In this study, dual-surface modifications, i.e., nanometric-scale surface topography and chemical modification were examined to improve the osteogenesis of titanium implants. First, TiO2 nanotubes were fabricated on a Ti disc and pamidronic acid (PDA) was then immobilized on the nanotube surface. The behavior of osteoblasts and osteoclasts on the dual-surface modified and unmodified Ti disc surface were compared in terms of cell adhesion, proliferation, and differentiation to examine the potential for use in bone regeneration and tissue engineering. The motivation for the immobilization of PDA on nanotube surface was that PDA, a nitrogen-containing bisphosphonate, suppresses the osteoclast activity and improves the osseointegration of TiO2 nanotubes.


Nanotube formation

TiO2 nanotubes were prepared on a Ti disc surface by an anodizing method in a two-electrode (distance between the two electrodes is 7 cm) electrochemical cell with platinum foil as the counter electrode at a constant anodic potential of 25 V and current density of 20 V, in a 1 M H3PO4 (Merck, Whitehouse Station, NJ, USA) and 0.3 wt.% HF (Merck) aqueous solution with 100-rpm magnetic agitation at 20°C. The Ti disc specimen was commercially pure titanium grade IV. The specimen was cleaned ultrasonically in ethanol for 10 min and chemically polished in a 10 vol.% HF and 60 vol.% H2O2 solution for 3 min. All electrolytes were prepared from reagent-grade chemicals and deionized water. Heat treatment of TiO2 nanotubes was carried out for 3 h at 350°C in air. The morphology of the TiO2 nanotubes was observed by field emission scanning electron microscopy (FE-SEM; JSM 6700F, Jeol Co., Akishima-shi, Japan), and their crystal structure was analyzed by wide-angle X-ray diffraction (WAXD, PANalytical’s X’PertPro, Almelo, The Netherlands).

Immobilization of PDA on a nt-TiO2 disc

The immobilization of PDA on the TiO2 nanotube (nt-TiO2) disc was carried out in three steps. First, the carboxyl group (−COOH) was introduced to the nt-TiO2 disc surface by a reaction of aminopropyl triethoxysilane (APTES; Sigma-Aldrich, St. Louis, MO, USA) with L-glutamic acid γ-benzyl ester (Sigma-Aldrich) followed by alkaline hydrolysis. Subsequently, PDA was immobilized on the carboxyl groups of the nt-TiO2 disc surface using water-soluble carbodiimide (WSC). Briefly, a nt-TiO2 disc (1 × 1 cm2) was immersed in an APTES-water solution (1:9) and sonicated for 30 min. The disc was then heated to 95°C for 2 h with gentle stirring. The silanized nt-TiO2 disc was washed with water in an ultrasonic cleaner and dried under reduced pressure and room temperature to produce a primary amine-coupled TiO2 nanotube disc (nt-TiO2-A). The nt-TiO2-A was then immersed in a beaker containing aqueous solution of L-glutamic acid γ-benzyl ester (23.93 mg in 100 ml water) and WSC solution (1-ethyl-3-(3-dimethylaminopropyl)carbodiimide hydrochloride (0.5 g, 0.25 wt.%; Sigma-Aldrich) and N-hydroxysuccinimide (0.5 g, 0.25 wt.%; Sigma-Aldrich) dissolved in 20 ml water) and stirred gently for 5 h at 4°C followed by alkaline hydrolysis to obtain the carboxyl functional TiO2 nanotube disc (nt-TiO2-G). The nt-TiO2-G was immersed in a solution of pamidronic acid disodium salt hydrate (10−4 M, 100 ml; Sigma-Aldrich) and WSC and stirred gently for 12 h at 4°C to obtain a PDA-immobilized nt-TiO2 disc (nt-TiO2-P; Figure 1). The nt-TiO2-P was then washed in distilled water and dried. The chemical composition of the nt-TiO2-P surface was analyzed by electron spectroscopy for chemical analysis (ESCA, ESCA LAB VIG Microtech, East Grinstead, UK) using Mg Kα radiation at 1,253.6 eV and a 150-W power mode at the anode.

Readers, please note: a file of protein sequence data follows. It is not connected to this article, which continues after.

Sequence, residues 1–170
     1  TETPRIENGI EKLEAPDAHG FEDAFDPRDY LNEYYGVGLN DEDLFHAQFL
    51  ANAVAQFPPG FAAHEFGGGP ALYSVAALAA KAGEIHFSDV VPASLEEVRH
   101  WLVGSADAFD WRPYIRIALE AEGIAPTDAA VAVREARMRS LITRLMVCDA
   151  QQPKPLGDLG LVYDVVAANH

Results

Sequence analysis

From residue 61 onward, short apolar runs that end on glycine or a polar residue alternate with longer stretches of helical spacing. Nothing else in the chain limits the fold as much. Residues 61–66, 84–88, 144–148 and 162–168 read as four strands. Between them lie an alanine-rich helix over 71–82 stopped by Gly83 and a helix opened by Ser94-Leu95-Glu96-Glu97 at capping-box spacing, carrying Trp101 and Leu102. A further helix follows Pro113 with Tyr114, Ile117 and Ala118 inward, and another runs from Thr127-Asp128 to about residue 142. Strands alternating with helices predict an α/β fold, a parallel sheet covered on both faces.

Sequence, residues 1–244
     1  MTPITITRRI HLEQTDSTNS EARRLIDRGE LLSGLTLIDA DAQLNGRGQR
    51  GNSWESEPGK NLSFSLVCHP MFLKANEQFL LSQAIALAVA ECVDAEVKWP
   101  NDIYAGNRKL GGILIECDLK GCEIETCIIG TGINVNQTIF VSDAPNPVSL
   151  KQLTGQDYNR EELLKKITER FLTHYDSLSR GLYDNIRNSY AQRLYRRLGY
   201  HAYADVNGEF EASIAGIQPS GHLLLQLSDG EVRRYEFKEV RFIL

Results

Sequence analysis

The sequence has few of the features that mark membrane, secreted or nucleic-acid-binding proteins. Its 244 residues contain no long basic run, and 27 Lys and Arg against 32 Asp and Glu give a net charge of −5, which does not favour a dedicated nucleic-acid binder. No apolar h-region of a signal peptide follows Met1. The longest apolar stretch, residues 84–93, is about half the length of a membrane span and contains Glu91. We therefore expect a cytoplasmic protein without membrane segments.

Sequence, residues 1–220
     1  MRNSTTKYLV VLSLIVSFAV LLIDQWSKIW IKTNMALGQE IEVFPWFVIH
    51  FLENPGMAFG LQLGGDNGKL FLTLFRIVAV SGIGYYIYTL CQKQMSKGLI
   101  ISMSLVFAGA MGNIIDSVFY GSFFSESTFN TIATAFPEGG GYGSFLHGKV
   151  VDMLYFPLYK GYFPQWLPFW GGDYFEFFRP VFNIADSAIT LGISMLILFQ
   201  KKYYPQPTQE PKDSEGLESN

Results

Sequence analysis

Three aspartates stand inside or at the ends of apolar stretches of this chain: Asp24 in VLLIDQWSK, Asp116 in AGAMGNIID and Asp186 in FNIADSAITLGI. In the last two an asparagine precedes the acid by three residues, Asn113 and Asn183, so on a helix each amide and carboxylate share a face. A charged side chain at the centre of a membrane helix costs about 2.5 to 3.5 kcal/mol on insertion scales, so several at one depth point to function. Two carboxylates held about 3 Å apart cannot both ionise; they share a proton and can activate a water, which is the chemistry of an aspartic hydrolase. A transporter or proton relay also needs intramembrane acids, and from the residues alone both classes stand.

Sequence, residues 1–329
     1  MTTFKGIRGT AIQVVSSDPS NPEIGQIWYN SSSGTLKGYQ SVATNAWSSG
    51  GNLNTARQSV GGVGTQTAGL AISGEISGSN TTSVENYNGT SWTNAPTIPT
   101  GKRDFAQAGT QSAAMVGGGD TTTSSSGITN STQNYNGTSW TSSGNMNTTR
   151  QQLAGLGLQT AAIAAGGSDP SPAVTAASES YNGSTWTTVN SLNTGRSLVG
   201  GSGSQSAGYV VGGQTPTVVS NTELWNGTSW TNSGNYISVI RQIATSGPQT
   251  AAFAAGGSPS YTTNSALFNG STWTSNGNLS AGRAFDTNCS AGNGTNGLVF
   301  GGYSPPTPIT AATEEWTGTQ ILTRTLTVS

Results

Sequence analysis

thumbnailFigure 1. Schematic diagram showing the PDA-immobilized TiO2 nanotubes.

Osteoblastic cell culture

To examine the interaction of the surface-modified and unmodified TiO2 discs (Ti, nt-TiO2, and nt-TiO2-P) with osteoblasts (MC3T3-E1), the circular TiO2 discs were fitted to a 24-well culture dish and immersed in a Dulbecco’s modified Eagle’s medium (DMEM) containing 10% fetal bovine serum (FBS; Gibco, Invitrogen, Carlsbad, CA, USA). Subsequently, 1 mL of the MC3T3-E1 cell solution (3 × 104 cells/mL) was added to the TiO2 disc surfaces and incubated in a humidified atmosphere containing 5% CO2 at 37°C for 4 h, 2 days, 3 days, and 4 days. After incubation, the supernatant was removed and the TiO2 discs were washed twice with phosphate-buffered silane (PBS; Gibco) and fixed in a 4% formaldehyde aqueous solution for 15 min. The samples were then dehydrated, dried in a critical-point drier, and sputter-coated with gold. The surface morphology of the TiO2 disc was observed by FE-SEM.

To examine the cytotoxic effects of PDA, after 2 days of culture, the osteoblast cells were suspended in PBS with a cell density of 1 × 105 to 1 × 106 cells/mL. Subsequently, 200 μL of a cell suspension was mixed with a 100-μL assay solution (10 μL calcein-AM solution (1 mM in DMSO) and 5 μL propidium iodide (1.5 mM in H2O) was mixed with 5 mL PBS) and incubated for 15 min at 37°C. The cells were then examined by fluorescence microscopy (Axioplan 2, Carl Zeiss, Oberkochen, Germany) with 490-nm excitation for the simultaneous monitoring of viable and dead cells.